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Daniel Jones NT1210
Lab 1.1 Review 1. Convert the decimal value 127 into binary. Explain the process of conversion that you used. 127 | 127 | 63 | 31 | 15 | 7 | 3 | 1 | 128 | - 64 | - 32 | - 16 | - 8 | - 4 | - 2 | - 1 | | = 63 | = 31 | = 15 | = 7 | = 3 | = 1 | = 0 | 0 | 1 | 1 | 1 | 1 | 1 | 1 | 1 |
The answer is: 01111111
If the decimal number is less than the greatest power of 2 than you must put a 0 for that number than carry that same decimal number over to the right one decimal place. For example. 127 is less than 128 so I cannot be subtracted. So you will put a zero and move that number over. Since 127 is greater than 64, you will subtract 64 from 128 and put a 1 for that value. Carry it over to the right. 32 is less than 63 so you will subtract and put a 1 for that value, and continue down the line. 2. Explain why the values 102 and 00102 are the same.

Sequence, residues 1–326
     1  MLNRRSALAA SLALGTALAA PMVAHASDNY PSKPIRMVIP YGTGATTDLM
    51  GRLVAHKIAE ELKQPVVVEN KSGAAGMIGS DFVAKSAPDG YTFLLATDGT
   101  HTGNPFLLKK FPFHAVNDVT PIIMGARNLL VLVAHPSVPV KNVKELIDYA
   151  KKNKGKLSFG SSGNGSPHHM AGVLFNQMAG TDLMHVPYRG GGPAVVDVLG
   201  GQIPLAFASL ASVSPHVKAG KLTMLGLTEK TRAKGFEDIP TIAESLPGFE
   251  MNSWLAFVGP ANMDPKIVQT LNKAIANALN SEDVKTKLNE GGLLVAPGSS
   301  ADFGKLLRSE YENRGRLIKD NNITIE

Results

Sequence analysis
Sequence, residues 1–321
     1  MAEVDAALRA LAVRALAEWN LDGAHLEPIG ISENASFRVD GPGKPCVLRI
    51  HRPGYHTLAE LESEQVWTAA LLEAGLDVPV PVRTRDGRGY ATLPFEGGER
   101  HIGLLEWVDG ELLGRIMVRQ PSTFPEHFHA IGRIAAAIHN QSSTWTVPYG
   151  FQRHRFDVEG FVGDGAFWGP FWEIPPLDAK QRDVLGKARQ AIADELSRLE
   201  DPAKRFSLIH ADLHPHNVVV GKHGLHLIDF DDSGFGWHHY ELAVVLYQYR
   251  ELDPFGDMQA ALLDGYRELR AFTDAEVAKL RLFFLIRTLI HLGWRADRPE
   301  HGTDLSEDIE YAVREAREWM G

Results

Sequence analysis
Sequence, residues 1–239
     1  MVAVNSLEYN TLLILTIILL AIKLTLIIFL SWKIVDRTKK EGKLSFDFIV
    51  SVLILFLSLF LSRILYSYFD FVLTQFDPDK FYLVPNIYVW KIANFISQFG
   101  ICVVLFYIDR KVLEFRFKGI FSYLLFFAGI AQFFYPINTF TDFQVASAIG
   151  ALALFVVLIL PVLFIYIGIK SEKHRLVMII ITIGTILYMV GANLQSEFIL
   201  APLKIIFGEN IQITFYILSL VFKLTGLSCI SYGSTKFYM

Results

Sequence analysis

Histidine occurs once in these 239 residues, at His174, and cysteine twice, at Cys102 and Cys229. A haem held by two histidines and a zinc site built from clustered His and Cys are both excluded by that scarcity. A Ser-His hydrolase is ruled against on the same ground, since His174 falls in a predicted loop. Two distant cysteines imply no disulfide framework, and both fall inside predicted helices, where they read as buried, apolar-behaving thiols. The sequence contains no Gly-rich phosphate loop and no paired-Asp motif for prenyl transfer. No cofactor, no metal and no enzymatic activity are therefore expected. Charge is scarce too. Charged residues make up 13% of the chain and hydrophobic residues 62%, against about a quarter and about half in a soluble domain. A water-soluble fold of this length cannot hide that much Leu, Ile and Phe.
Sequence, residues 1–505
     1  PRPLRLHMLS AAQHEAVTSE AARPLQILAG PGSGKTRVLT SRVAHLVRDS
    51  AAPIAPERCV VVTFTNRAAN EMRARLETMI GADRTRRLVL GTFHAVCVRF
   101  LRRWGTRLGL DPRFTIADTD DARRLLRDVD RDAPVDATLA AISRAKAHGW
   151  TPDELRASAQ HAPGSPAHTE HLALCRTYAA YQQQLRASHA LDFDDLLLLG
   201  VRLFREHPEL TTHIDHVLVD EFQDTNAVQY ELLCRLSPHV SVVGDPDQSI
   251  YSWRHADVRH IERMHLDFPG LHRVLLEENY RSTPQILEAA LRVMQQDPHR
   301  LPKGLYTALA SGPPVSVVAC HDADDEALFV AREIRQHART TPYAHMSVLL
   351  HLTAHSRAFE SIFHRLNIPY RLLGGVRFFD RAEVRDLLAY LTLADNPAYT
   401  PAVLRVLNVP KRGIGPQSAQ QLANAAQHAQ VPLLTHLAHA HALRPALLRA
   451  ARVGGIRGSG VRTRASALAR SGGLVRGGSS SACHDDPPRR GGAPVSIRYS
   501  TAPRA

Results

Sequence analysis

Because when you plug the binary numbers into the 8 bit conversion table, the two zeros before the 10 equal nothing. So 10 and 0010 have the same decimal number.
128 64 32 16 8 4 2 1 128 64 32 16 8 4 2 1 1 0 = 2 0 0 1 0 = 2 3. Based on the breakdown of the binary and decimal systems in this lab, describe the available digit values and the first four digits of a base 5 numbering system. You can use the binary system as a reference, where the available digit values are 0 and 1 and the first four digits are 1, 2, 4, and 8. The available digit values in a base 5 numbering system are 1s and 0s. But we only use 5 bits of the 8 bits on the binary system. For example, you are using 16 8 4 2 1 instead of 128 64 32 16 8 4 2 1. 4. Using the internet and Help files in Excel, explain why creating a converter from decimal to binary would be more difficult

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